As many readers know, madras is a colorful fabric that’s been popular in the US since at least the 1960s. It actually comes by way of Chennai, however, which is where this fabric archive is located. During British colonial times, the city was called Madras, which is where the fabric gets its name. As the story goes, it was invented here in the 1800s when Indians reinterpreted Scottish tartans with their own local color palettes. They put these designs on the loosely woven, lightweight cotton fabrics they wore – which were designed for the hot and humid weather in India – and the result is what we now call madras.

The original stuff wasn’t colorfast, which meant the colors faded easily and bled into each other with each subsequent wash. For enthusiasts, this is what made madras charming - the fabric evolved and changed over time. Today, however, these qualities are considered to be defects, so almost all madras fabrics are colorfast (no bleeding, no fading). I actually still like modern madras shirts for spring and summer wear, especially on hot, sunny days, but they’re not the same as the stuff you see here. This is the truly good stuff. 

For $50 You Can Buy …

I love madras shirts, and every spring and summer, J Crew offers the most affordable madras-inspired shirts around. They’re not technically madras in that they don’t have the same faded look, but that also means they don’t bleed in the wash.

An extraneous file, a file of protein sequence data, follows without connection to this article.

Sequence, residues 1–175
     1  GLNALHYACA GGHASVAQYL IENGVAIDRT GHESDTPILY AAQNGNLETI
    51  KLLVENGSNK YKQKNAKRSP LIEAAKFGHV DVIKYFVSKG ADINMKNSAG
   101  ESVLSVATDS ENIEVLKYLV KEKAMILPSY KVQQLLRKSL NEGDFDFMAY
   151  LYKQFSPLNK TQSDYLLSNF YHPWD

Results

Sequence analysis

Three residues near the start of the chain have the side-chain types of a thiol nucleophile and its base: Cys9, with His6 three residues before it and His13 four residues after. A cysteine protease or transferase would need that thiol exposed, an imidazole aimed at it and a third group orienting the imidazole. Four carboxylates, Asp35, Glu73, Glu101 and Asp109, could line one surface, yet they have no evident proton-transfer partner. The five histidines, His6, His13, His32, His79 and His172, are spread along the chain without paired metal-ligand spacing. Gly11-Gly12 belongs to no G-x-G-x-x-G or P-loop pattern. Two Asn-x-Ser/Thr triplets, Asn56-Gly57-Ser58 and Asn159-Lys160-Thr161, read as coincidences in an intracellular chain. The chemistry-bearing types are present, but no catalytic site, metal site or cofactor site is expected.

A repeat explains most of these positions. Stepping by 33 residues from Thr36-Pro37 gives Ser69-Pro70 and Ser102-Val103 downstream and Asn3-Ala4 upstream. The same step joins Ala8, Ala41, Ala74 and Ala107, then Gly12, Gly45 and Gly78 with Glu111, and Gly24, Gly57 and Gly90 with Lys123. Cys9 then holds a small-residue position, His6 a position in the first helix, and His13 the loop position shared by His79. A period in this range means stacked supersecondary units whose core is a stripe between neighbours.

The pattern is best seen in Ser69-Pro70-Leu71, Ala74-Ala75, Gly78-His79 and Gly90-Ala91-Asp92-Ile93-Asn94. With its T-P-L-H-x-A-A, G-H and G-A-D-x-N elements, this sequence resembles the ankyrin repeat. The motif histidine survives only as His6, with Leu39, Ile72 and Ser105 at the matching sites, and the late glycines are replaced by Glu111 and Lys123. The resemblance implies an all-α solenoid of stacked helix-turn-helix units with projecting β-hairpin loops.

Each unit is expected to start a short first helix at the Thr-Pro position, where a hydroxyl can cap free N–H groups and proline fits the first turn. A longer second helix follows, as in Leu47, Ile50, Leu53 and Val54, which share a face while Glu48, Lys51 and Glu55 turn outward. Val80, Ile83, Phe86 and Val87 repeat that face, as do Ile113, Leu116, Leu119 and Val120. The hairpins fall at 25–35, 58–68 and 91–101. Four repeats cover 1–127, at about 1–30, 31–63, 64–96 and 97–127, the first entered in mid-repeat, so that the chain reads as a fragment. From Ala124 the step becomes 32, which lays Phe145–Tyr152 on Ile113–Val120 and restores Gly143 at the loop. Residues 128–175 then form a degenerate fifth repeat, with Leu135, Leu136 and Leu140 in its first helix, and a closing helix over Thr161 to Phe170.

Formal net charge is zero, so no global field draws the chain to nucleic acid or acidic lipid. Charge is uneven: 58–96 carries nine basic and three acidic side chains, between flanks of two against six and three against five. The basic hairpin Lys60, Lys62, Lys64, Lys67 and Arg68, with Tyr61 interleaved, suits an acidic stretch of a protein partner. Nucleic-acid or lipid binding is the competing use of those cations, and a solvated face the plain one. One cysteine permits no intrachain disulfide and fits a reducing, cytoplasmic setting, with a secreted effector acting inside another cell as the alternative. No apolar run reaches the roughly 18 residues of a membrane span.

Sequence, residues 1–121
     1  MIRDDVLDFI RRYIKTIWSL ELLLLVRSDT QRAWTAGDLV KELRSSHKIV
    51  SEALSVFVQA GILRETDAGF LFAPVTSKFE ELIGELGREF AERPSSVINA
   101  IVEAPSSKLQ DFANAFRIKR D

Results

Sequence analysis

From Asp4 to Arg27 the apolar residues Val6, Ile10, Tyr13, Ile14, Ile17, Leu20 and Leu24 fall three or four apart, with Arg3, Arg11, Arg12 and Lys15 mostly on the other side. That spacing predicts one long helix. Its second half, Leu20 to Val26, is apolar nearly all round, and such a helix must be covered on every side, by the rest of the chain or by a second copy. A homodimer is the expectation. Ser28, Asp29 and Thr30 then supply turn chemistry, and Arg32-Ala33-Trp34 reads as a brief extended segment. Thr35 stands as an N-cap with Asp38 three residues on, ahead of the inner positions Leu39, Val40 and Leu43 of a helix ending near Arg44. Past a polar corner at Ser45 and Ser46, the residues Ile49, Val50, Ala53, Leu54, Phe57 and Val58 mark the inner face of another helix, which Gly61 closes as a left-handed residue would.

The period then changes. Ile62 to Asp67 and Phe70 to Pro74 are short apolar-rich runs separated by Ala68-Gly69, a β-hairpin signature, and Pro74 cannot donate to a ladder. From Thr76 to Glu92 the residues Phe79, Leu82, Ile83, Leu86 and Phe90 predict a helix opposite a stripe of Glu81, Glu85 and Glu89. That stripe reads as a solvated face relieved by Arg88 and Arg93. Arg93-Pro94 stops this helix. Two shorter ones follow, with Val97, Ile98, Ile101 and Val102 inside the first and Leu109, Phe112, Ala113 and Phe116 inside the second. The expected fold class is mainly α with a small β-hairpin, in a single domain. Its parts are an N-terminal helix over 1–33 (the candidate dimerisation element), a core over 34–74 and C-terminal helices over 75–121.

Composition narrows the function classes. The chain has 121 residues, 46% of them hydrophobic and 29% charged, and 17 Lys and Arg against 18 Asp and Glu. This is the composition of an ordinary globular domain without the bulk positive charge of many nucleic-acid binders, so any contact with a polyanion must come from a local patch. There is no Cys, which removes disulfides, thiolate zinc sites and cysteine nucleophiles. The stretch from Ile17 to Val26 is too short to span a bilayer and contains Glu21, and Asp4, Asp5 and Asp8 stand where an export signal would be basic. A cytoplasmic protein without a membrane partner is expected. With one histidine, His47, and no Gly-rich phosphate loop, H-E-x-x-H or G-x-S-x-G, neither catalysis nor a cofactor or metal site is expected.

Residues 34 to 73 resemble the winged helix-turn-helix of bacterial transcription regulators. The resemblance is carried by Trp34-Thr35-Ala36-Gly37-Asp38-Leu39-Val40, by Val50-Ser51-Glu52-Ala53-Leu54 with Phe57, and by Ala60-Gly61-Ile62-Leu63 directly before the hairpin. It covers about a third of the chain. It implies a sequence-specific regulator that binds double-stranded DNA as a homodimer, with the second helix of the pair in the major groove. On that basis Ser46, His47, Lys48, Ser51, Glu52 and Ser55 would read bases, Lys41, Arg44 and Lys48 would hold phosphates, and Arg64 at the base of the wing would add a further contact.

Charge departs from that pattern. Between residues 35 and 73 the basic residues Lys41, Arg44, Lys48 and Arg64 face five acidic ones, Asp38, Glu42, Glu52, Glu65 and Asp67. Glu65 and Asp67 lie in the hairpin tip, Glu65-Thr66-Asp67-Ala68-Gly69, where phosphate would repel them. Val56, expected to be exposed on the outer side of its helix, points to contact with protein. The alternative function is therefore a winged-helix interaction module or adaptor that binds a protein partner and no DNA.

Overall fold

J Crew’s madras-inspired shirts are on sale at the moment for about $65 in their sale section, but you can take an additional 30% off with the checkout code SUNSHINE. That knocks these down to about $45. 

Bill Murray and Madras Trousers 

One of my favorite films of 2012 was "Moonrise Kingdom", which I found to be fun to watch as all Wes Anderson movies tend to be. Of course, I couldn’t help but notice the northeastern nautical and costal style of the wardrobe and that aesthetic probably added to my enjoyment of the picture. 

After watching the film, I instantly wanted to buy a pair of madras trousers — as obnoxious as they might be — after watching Bill Murray’s character wear them in such a comfortable and carefree way with a white OCBD and the occasional navy cardigan. Or perhaps shirtless when he decided to go chop down a tree

I ended up buying a pair of madras trousers from Howard Yount, which are on sale right now for $65, and they’re definitely comfortable to wear — if you’re comfortable wearing boldly patterned madras. 

Madras probably isn’t appropriate for the office, but they make for great weekend trousers. You don’t notice stains on them as much as you would a solid linen pair of pants because of the patterns, which I think makes them ideal for eating food at street festivals. I’ve been patiently waiting for warm weather to arrive so it’ll be appropriate to wear them again. 

-Kiyoshi

Colonel Alexander Gardner, 1864
Now that’s what I call a Madras suit.
From Wikipedia:
Gardner was involved in numerous gun fights and sword fights during his career. He was described as being six foot, with a long beard, an all around warrior and fighter. Gardner was known to have saved the City of Lahore in 1841 when his comrades abandoned him and he fired the guns that killed 300 enemies. He is described by Keay as continuing to suffer the effects of 14 wounds in later life.